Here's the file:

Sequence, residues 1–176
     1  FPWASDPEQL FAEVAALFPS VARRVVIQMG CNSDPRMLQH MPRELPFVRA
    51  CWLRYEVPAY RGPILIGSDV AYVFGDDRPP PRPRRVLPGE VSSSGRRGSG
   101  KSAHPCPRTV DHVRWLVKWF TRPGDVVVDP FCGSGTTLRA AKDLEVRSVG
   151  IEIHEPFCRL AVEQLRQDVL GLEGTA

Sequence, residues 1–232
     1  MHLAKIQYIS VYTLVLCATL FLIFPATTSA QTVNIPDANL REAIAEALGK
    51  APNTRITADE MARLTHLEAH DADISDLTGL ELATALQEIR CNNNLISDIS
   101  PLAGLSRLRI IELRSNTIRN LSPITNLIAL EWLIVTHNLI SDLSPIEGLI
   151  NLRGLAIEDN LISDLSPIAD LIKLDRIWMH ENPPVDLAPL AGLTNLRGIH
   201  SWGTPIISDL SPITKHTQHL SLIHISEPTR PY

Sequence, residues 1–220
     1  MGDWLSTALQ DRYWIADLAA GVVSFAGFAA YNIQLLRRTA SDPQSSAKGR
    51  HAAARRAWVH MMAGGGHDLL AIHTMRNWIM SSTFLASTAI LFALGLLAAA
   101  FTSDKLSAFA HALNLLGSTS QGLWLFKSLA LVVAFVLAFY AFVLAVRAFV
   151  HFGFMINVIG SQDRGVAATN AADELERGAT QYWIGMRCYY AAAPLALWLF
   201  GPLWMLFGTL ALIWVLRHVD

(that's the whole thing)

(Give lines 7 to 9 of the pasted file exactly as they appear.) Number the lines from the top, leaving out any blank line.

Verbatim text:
     1  MHLAKIQYIS VYTLVLCATL FLIFPATTSA QTVNIPDANL REAIAEALGK
    51  APNTRITADE MARLTHLEAH DADISDLTGL ELATALQEIR CNNNLISDIS
   101  PLAGLSRLRI IELRSNTIRN LSPITNLIAL EWLIVTHNLI SDLSPIEGLI